Copenhagen is working to change its harbor on two fronts. The first is high-end architecture. Frøsiloen, a pair of massive soybean silos in the southern harbor, lay derelict for years, and constantly cropped up in architecture classes as a theoretical problem. The silos have now been converted to apartments: Dutch firm MVDRV hung living quarters around the outside of the concrete cylinders, leaving the inside of each silo as a tall, tubular atrium. The buildings are sinuous yet spectacularly simple, and are conveniently connected by a foot-and-bike bridge to Fisketorvet, the shopping mall in the former fish market.
The city’s second harbor redevelopment tool is the power of culture. Three public buildings act as magnets, pulling crowds toward the waterfront and forcing the rest of the city to shift around them. The Black Diamond is a glossy, crystalline extension to the Royal Library designed by local firm Schmidt, Hammer & Lassen. The new building grows out of the ancient institution’s heart, bridges a street, and lands on the harborfront with such dramatic force that it thrusts toward the water. On its granite façade, dark and polished as a concert grand, the brick warehouses across the canal gleam in perfect reflection.
A little farther north, the new Royal Danish Playhouse, too, seems to want to slip into the water. The theater, by the Copenhagen firm Lundgaard & Tranberg, offers drama even before the lights go down: a slab of darkened blue-green glass reaches westward, anchored to the dock by a copper cube that the sea air will soon turn green. The lobby welcomes everyone, not just ticket buyers; a great glass wall makes the theater feel like a maritime experience; and a field of starlike fiber-optic lights twinkles up above.
From the playhouse, it’s a short trip by water bus across the canal to the Operaen, an opera house built in 2005 on a former Navy pier. Designed by the dean of Danish architects, Henning Larsen, the building features a silvery, wafer-like canopy resting on a glass-and-steel egg. It’s too bulky and self-important to be great architecture, but even so, the Operaen could anchor the ongoing metamorphosis of the adjacent islands of Holmen and Christianshavn, which served as the epicenter of Denmark’s military and industrial complex until abandonment and neglect made it fertile ground for Bohemian chic. (In 1971, a group of youths moved into the disused military base of Christiania and began planting gardens in the polluted soil. The area is now a hippie park, a tourist-friendly enclave easily identified by the permanent scent of marijuana.)
Copenhageners greeted the building with mixed feelings. Some were suspicious of a $470 million project entirely funded by one man, the nonagenarian shipping magnate Mærsk McKinney-Møller. Others took sides in a squabble between architect and donor over the design, or hated the resulting compromise. Many lodged an irrefutable complaint: since the Operaen lacks a subway stop, getting there means making a long drive through downtown Copenhagen. A proposed foot-and-bike bridge between the playhouse and the opera will help, though it’s not clear how many operagoers will park on one side of the canal and walk to the other through the Scandinavian winter wind.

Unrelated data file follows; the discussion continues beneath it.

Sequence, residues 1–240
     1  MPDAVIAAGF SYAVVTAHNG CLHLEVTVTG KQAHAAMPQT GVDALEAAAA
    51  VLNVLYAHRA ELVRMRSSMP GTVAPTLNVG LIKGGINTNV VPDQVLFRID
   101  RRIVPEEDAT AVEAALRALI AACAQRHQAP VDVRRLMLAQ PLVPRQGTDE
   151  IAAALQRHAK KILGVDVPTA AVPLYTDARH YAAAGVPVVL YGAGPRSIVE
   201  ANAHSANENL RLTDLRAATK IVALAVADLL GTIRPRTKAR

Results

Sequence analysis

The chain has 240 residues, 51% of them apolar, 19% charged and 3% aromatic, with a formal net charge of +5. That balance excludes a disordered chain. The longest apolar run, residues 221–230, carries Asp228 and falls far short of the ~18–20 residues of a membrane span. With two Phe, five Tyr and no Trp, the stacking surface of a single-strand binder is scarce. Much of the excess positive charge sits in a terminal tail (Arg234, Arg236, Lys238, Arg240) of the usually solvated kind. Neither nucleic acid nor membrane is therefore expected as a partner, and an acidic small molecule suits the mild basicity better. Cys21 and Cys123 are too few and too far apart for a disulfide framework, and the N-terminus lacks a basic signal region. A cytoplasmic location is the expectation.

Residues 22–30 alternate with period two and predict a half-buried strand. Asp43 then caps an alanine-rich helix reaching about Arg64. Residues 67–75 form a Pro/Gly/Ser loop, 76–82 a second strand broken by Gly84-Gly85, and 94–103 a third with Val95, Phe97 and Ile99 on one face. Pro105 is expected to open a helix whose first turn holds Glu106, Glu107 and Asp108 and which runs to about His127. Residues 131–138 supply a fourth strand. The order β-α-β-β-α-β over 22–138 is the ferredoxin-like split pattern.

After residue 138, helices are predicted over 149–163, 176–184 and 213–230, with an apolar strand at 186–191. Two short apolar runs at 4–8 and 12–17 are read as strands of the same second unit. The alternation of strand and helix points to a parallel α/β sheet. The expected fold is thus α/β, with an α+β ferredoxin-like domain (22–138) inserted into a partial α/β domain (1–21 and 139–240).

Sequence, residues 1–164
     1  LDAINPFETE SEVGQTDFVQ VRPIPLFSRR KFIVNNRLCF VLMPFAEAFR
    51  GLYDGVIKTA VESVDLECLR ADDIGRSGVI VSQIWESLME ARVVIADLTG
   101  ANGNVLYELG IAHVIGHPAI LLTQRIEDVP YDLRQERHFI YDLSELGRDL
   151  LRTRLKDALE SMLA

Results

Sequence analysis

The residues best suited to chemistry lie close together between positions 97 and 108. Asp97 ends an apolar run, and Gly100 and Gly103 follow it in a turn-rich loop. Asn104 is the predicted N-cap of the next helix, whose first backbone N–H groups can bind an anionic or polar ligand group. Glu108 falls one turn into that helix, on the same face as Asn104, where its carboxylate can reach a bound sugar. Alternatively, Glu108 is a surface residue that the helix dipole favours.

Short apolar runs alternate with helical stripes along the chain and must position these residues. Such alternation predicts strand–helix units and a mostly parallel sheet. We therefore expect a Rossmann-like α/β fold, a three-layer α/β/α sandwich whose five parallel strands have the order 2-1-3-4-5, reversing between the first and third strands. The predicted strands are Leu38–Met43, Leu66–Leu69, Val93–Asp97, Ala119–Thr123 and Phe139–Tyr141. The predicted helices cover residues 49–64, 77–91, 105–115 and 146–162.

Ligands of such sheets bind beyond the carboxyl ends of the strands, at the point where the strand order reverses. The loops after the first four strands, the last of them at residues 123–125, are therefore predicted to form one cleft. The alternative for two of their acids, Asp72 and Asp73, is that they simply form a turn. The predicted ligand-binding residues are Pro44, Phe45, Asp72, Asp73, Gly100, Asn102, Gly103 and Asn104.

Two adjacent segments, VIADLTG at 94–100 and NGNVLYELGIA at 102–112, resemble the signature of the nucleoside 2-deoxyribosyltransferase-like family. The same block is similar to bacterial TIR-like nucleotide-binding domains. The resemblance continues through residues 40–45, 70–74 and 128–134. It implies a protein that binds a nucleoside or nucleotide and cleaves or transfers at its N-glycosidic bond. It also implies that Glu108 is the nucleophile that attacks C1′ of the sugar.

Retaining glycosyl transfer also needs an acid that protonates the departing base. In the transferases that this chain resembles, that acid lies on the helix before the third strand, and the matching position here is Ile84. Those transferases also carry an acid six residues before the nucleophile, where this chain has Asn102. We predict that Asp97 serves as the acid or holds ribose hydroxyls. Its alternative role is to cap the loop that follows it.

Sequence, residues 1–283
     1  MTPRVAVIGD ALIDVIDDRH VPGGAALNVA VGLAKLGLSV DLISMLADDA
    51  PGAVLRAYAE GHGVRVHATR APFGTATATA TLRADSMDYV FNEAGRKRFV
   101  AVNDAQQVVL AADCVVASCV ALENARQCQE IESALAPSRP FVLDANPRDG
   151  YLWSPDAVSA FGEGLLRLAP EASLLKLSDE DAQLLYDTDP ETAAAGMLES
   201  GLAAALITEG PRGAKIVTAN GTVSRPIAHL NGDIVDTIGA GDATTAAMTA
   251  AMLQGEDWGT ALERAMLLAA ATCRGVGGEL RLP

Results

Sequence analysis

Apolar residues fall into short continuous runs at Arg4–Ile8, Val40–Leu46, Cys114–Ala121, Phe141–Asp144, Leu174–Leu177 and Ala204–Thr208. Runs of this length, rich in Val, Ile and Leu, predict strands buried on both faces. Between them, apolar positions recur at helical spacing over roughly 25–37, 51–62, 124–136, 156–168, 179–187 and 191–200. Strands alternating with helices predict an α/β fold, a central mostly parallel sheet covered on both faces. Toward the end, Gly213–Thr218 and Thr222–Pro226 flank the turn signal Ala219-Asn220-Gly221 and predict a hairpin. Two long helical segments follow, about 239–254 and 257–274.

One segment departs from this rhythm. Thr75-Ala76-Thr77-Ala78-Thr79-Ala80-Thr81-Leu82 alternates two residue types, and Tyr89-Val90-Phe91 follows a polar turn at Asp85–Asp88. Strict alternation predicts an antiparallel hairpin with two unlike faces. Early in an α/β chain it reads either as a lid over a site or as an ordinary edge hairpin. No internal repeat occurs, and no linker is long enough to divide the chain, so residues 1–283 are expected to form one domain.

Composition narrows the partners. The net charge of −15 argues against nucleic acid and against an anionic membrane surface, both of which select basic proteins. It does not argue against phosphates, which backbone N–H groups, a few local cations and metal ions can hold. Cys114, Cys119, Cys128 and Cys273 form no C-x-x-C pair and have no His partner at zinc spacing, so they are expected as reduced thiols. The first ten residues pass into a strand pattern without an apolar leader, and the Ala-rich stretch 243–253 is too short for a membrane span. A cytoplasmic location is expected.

But Copenhagen has made good use of its mistakes. In the early 1990’s, the city allowed developers to put up a shiny but dismal phalanx of offices and apartment buildings in the south harbor, creating a drab strip of boardwalk and sealing off the harbor from the inland neighborhoods. This resulted in an invigorating burst of outrage, and a consensus that the urban waterfront should be a public amenity. Suddenly, Copenhageners understood what they did not want and demanded more intelligent development. Their involvement means that virtually all quayside building is potentially controversial, and every construction site a spur to activism.
The latest battleground is the Bryghusgrunden, site of a now- vanished brewery just south of the Black Diamond. A billboard is festooned with renderings of a new headquarters for the Realdania foundation and the Danish Architecture Center, designed by Rem Koolhaas. In theory, it would be hard to name a more promising project: Koolhaas has a global reputation, and Realdania has $100 million a year to spend on a pertinent altruistic mission to “improve quality of life for the common good through the built environment.” But the project threatens to interrupt the boardwalk and commit what has become a cardinal development sin in Copenhagen: privatizing the waterfront. A few yards away, an artists’ collective, Parfyme, recently set up a temporary harbor laboratory for alternative ideas, right next to the Bryghus site. Volunteers cobbled together a rickety structure—an anti-building, really—linked to a floating “museum” and emblazoned with the slogan alle kan bruge havnen (everyone can use the harbor). That could almost be Copenhagen’s new battle cry.